Jen Handley got her start in advertising at Bradley and Montgomery in 2005—and hated it, particularly the client-services part of the job.
But she did love to create. So two years after joining the Indianapolis-based ad shop, Handley created a media division for BaM.
Then in 2009, she and BaM executive Ben Carlson focused the media division on analytics and spun it out as its own company—Fizziology—which keeps tabs on social media for movie studios, television shows and other entertainment entities.
Now Indianapolis-based Fizziology works with nearly every major North American motion picture producer. And Inc. magazine this year listed it as one of the fastest-growing U.S. companies, with 756 percent growth over the last three years and revenue of $2.7 million.
That’s enough to keep any mother of two busy. Still, Handley, 36, and Carlson just opened a new co-working space between Broad Ripple and Glendale called The Hatch.
At Ball State, you majored in advertising and minored in painting and French. It seems like an odd combination. How did you choose those areas of study?
I’m an artist—a painter—at heart, but I’m also very organized and business-minded, and I wanted to find a creative field where I could use both sides of my brain. As far as advertising, I’ve always been very interested in understanding what makes people tick and what drives them to make certain decisions. So it was an ideal choice for me.
What are your hobbies?
Painting. That’s one of the reasons we built [The Hatch], so I could have a studio. And yoga. I’ve practiced for 15 years. I hope to get certified some day when things slow down. I travel a lot for work and for pleasure.
What’s your favorite destination?
I just got back from Budapest; that was phenomenal. It was an amazing, eye-opening trip.
What was so phenomenal about it?
It’s gorgeous. It’s split by the Danube River and you’ve got Buda and you’ve got Pest and they’re very different parts of the [city]. There’s a lot of very rich history there. I went there [for business] knowing nothing about it, and came back totally in love with the place.
What kind of painting do you do?
I do a little bit of everything. I currently do encaustics, which is painting with wax. It’s kind of a new challenge. When I was in college, I did oil painting. It was a bit more realistic surreal, landscapes and still-life kind of stuff. I moved into watercolor for a long time because I didn’t have the proper ventilation and space in my house to work with anything that smelled.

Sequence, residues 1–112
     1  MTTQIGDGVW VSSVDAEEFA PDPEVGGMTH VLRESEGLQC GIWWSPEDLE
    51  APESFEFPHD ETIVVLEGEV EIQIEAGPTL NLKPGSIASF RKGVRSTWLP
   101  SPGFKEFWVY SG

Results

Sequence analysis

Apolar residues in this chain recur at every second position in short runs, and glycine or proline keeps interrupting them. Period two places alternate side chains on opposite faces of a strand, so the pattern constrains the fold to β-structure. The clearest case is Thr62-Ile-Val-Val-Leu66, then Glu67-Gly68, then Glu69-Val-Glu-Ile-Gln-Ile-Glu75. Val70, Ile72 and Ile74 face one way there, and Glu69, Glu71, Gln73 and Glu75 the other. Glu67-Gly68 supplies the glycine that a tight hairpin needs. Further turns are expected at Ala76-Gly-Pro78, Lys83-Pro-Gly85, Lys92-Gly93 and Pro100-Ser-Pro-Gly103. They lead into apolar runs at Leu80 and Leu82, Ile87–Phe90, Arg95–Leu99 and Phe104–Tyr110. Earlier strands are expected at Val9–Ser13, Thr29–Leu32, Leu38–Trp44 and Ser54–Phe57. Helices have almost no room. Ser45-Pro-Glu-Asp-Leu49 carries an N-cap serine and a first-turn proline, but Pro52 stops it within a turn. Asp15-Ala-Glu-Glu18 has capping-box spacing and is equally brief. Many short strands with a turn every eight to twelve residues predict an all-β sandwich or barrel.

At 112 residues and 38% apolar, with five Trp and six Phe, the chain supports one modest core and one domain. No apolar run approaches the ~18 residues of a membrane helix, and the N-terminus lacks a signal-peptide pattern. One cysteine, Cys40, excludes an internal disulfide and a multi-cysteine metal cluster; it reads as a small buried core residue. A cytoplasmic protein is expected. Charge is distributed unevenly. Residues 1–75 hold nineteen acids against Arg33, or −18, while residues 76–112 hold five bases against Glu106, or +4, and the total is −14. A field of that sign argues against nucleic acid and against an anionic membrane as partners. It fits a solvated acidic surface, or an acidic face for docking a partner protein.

When I was painting with watercolor, it was almost stressing me out. I was going for perfection, which is the complete opposite of why I like to paint. So I decided to pick up a medium I have no control over and that’s wax and paint guns. It’s something where you end up with these beautiful, wonderful forms and you almost feel like you didn’t create [them] yourself because it blows the way it wants to blow.
You paint with wax?
You have a little, like, pancake griddle and you have tins of colored wax and you dip your paintbrush in it, put it on the surface and use a heat gun to blow it flat and get all the bubbles out. I probably do 15 to 20 layers.
What do you like most about painting and what do you hate most about painting?
I hate not being able to make things as precise as they are in my head. I also love that.
Did you do paint by numbers when you were a kid?
I did. Then when I was 5, my mom gave me a [coloring] book with tracing paper. It was Strawberry Shortcake. I laid the tracing paper next to the coloring book and said, “I’m drawing this.” And she said, “No, you need to lay it on top of the picture.” And I said, “No, that’s cheating! I can’t do that!”
Describe your work style.
I’m a blend of very focused, heads-down technology worker—I love working with spread sheets and numbers—but I’m also a creative. So I always feel like I have two sides that are pulling. So in the morning, I get all the hard tasks out of the way that I don’t want to do and then I spend more of the afternoon doing my more creative work.
How was the idea of Fizziology born?
In the summer of 2009, I was at BaM with my partner, Ben Carlson. We were working on a campaign for Microsoft. We released a video to a room of developers in Las Vegas. I was tracking it on Twitter and I noticed it was a Twitter trending topic. I thought, “This is great, but I have no idea what it means.” So I went to the social media company Microsoft was working with and said, “Tell me what this means. What are people saying? Is this good? Is this bad?” And they said, “You have some new likes and follows.”
I said, “I don’t care what’s happening on our account; I care about how people are influencing other people based on this,” and they didn’t have an answer to this. So Ben and I saw there is an opportunity here. So we decided to build it our damn selves. That was July and we spun it out as a new company in October. I had a 9-month-old at home, signed the papers to form the company, and two days later found out I was pregnant again. 2010 was kind of a blur, but it worked.•
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